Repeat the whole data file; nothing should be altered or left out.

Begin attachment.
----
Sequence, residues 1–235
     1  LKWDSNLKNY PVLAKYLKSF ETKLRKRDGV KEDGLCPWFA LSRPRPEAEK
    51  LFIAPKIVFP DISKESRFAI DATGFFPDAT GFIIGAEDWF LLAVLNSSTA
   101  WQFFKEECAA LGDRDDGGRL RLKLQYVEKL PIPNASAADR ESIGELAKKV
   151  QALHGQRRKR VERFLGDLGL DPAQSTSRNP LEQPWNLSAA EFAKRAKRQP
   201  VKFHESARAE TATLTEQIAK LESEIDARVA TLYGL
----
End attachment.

Sequence, residues 1–235
     1  LKWDSNLKNY PVLAKYLKSF ETKLRKRDGV KEDGLCPWFA LSRPRPEAEK
    51  LFIAPKIVFP DISKESRFAI DATGFFPDAT GFIIGAEDWF LLAVLNSSTA
   101  WQFFKEECAA LGDRDDGGRL RLKLQYVEKL PIPNASAADR ESIGELAKKV
   151  QALHGQRRKR VERFLGDLGL DPAQSTSRNP LEQPWNLSAA EFAKRAKRQP
   201  VKFHESARAE TATLTEQIAK LESEIDARVA TLYGL